What to do, when some of your relatives disagree with your plans for the future direction of the family? Round them up, imprison them in luxury hotel suites and send a clear message to the rest of your cousins and uncles that they could be next. Don’t forget to ground private jets first, to prevent richer kin escaping. Saturday night’s unprecedented political purge in Saudi Arabia is a naked attempt by the young crown prince to eliminate his rivals and critics, plenty of whom are related to him.
Reading the unredacted Tory dossier is eyebrow-raising, even for those of us who believe we have an expansive worldview. Some of those named in it are sinister, predatory, sleazy and will probably now face investigations. Others are foolish. Others, male and female, have simply engaged in the sort of behaviour that happens in many workplaces around the country between adults who happen to find each other attractive.
When I was an undergraduate, editing our student paper, we ran a front page revealing that Cambridge University admitted fewer black students that year than it did students named White. Fifteen years later, this flashback is prompted by the weekend row over university access. MP David Lammy revealed some gobsmacking facts about admissions at Oxford and Cambridge.
Muck Rack makes it simple to find people, tweets, or articles that mention any name, keyword, company, hashtag etc. We've compiled this guide to help you make the most of your search.
Selecting a term
Start searching tweets, articles from media outlets, articles mentioned in tweets, journalists'
names, titles and bios with some suggested searches:
Companies or Topics (e.g. iPhone, Microsoft)
Phrases (e.g. "cloud computing") — use quotes to keep the terms together
Twitter handles (e.g. @username) — returns those who have mentioned or replied to
Names (e.g. "David Pogue")
Hashtags (e.g. #sxsw, #london2012)
Bio details (e.g. vegan, Olympics, father)
Muck Rack's Advanced Search allows for many boolean operators.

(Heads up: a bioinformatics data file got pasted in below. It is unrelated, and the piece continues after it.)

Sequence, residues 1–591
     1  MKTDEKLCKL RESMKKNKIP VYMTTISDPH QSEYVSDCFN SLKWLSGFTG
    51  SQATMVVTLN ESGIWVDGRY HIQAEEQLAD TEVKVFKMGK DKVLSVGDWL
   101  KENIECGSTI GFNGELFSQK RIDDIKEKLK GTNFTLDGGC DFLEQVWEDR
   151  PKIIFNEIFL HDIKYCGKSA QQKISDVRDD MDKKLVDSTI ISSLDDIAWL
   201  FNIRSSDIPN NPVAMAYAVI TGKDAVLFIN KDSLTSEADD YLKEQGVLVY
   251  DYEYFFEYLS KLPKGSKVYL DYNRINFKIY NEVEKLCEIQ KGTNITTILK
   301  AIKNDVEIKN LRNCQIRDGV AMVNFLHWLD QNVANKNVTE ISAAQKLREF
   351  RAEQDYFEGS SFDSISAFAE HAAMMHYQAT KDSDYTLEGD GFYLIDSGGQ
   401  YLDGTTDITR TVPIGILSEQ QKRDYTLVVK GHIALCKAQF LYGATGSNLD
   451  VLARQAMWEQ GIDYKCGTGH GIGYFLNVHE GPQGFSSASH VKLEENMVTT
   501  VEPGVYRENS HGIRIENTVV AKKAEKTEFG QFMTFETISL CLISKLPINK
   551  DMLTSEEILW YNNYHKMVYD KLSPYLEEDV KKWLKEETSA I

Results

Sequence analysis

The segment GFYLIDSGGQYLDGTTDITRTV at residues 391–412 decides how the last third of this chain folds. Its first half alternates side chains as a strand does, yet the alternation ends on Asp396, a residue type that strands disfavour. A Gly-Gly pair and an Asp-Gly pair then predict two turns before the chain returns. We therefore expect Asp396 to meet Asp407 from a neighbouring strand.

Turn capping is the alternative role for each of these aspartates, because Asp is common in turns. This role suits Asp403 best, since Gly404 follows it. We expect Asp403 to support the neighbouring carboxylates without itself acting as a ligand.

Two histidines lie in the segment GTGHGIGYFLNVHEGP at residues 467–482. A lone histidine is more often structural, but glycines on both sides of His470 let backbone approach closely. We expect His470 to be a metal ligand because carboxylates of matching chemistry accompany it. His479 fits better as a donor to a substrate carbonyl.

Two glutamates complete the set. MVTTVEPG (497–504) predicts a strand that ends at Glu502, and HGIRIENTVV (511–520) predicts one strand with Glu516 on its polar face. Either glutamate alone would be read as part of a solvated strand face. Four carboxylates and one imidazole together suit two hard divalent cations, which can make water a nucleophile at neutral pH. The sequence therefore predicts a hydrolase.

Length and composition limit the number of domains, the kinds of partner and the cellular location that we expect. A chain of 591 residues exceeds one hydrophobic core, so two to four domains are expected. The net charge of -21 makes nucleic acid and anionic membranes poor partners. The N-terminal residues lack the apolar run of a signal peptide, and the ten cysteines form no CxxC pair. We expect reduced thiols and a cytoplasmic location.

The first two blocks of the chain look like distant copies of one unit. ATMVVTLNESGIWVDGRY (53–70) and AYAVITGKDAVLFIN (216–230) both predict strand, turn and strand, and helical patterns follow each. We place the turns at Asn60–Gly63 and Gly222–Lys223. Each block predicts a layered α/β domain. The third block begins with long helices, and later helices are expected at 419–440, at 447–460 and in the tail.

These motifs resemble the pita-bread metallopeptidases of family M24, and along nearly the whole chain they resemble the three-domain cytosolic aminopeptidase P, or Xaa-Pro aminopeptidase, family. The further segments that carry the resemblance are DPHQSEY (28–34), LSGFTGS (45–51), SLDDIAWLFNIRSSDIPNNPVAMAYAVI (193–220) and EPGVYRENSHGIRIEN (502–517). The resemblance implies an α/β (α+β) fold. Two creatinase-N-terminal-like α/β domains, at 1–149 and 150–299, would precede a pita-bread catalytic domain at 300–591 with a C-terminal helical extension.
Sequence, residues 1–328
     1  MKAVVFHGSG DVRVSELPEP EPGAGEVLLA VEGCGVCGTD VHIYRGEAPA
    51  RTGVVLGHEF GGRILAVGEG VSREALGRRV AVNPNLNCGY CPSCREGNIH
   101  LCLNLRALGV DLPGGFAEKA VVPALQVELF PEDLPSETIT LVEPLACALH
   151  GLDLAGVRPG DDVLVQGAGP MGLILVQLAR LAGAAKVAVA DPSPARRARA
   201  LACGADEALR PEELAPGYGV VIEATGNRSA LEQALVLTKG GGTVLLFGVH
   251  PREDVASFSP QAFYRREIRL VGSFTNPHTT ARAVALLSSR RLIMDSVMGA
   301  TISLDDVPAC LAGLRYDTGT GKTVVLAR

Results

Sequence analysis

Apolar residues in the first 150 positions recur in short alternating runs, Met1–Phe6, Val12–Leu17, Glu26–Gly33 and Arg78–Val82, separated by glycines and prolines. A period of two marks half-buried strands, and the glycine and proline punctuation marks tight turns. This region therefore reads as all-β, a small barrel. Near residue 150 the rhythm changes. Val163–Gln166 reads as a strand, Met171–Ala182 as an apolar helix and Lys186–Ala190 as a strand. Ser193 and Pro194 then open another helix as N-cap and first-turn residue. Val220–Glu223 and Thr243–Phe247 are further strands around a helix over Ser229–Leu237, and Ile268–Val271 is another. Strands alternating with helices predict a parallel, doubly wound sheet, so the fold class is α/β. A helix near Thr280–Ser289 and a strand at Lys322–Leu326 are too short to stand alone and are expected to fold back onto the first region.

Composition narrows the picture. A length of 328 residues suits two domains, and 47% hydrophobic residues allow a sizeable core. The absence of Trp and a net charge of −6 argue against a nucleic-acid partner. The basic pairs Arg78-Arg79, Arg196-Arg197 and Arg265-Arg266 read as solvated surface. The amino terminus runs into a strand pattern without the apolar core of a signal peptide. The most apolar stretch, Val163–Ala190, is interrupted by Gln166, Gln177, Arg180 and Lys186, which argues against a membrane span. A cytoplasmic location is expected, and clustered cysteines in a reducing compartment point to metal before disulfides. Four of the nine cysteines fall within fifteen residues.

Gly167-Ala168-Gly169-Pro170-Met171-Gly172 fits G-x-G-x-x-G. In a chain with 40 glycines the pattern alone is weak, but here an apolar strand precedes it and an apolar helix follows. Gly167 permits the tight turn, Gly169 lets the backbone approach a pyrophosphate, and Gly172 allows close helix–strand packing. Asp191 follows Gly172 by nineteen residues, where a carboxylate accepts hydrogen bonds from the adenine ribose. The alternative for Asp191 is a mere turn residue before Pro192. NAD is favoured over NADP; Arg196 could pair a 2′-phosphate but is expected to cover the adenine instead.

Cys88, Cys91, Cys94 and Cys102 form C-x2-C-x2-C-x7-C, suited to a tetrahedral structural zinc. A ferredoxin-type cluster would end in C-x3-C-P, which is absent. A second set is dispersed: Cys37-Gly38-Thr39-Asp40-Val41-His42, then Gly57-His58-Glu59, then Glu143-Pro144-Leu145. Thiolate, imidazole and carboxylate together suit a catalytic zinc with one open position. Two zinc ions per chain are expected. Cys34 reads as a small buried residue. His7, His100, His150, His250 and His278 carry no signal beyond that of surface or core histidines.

Find results that mention multiple specified terms, use AND or
+. For example, ensure each result contains both Elon Musk and Mark Zuckerberg by
searching Musk AND Zuckerberg or Musk + Zuckerberg.
Use the operators OR or , to broaden your search when you'd like either of
multiple terms to appear in results. (This is the default behavior of our search when no operators
are used). For example, results will contain either cake or cookie by searching cake OR cookie or cake,cookie
Use NOT or - to subtract results from your search. For
example, searching Disney will yield results about the Walt Disney Company as well as Walt Disney
World Resort. To exclude mentions of Disney World, search for Disney -World or Disney
When using one of these operators with a phrase, enclose it in quotation marks. For example, you can
find results about smartphones excluding Apple's iPhone 4S by searching smartphone -"iPhone
Exact case matching or punctuation
If you're searching for a brand name or keyword that relies on specific punctuation marks or capitalization, you can
find results that match your exact query by adding matchcase: before the keyword you're searching for, like matchcase:E*TRADE .
Use parentheses to separate multiple
boolean phrases. For example, to find journalists talking about having fun in Disney World or
Disneyland, search for ("disney world" OR disneyland) AND fun.
An asterisk can be used to search for any variation of a root word truncated by the asterisk. For example, searching for admin* will return results for administrator, administration, administer, administered, etc.
A near operator is an AND operator where you can control the distance between the words. You can vary the distance the near operation uses by adding a forward slash and number (between 0-99) such as strawberries NEAR/10 "whipped cream", which means the strawberries must exist within 10 words of "whipped cream".